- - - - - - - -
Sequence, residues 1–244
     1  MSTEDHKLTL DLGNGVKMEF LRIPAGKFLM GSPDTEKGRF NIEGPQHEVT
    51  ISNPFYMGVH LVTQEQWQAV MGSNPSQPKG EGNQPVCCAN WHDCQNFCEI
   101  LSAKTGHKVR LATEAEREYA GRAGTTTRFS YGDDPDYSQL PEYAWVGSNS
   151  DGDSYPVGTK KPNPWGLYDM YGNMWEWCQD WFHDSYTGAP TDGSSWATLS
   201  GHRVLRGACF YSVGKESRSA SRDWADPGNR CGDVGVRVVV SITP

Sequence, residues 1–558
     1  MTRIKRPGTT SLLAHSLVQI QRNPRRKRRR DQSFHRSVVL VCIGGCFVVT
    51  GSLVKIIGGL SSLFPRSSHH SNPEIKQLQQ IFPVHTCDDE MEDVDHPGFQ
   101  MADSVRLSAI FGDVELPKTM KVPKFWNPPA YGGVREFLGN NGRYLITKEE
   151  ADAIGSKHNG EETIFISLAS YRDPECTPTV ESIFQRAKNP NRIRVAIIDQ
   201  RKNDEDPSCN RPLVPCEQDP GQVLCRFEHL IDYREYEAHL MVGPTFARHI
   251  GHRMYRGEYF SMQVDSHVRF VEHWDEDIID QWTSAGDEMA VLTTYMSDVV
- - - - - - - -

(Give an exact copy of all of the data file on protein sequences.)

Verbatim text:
Sequence, residues 1–244
     1  MSTEDHKLTL DLGNGVKMEF LRIPAGKFLM GSPDTEKGRF NIEGPQHEVT
    51  ISNPFYMGVH LVTQEQWQAV MGSNPSQPKG EGNQPVCCAN WHDCQNFCEI
   101  LSAKTGHKVR LATEAEREYA GRAGTTTRFS YGDDPDYSQL PEYAWVGSNS
   151  DGDSYPVGTK KPNPWGLYDM YGNMWEWCQD WFHDSYTGAP TDGSSWATLS
   201  GHRVLRGACF YSVGKESRSA SRDWADPGNR CGDVGVRVVV SITP

Sequence, residues 1–558
     1  MTRIKRPGTT SLLAHSLVQI QRNPRRKRRR DQSFHRSVVL VCIGGCFVVT
    51  GSLVKIIGGL SSLFPRSSHH SNPEIKQLQQ IFPVHTCDDE MEDVDHPGFQ
   101  MADSVRLSAI FGDVELPKTM KVPKFWNPPA YGGVREFLGN NGRYLITKEE
   151  ADAIGSKHNG EETIFISLAS YRDPECTPTV ESIFQRAKNP NRIRVAIIDQ
   201  RKNDEDPSCN RPLVPCEQDP GQVLCRFEHL IDYREYEAHL MVGPTFARHI
   251  GHRMYRGEYF SMQVDSHVRF VEHWDEDIID QWTSAGDEMA VLTTYMSDVV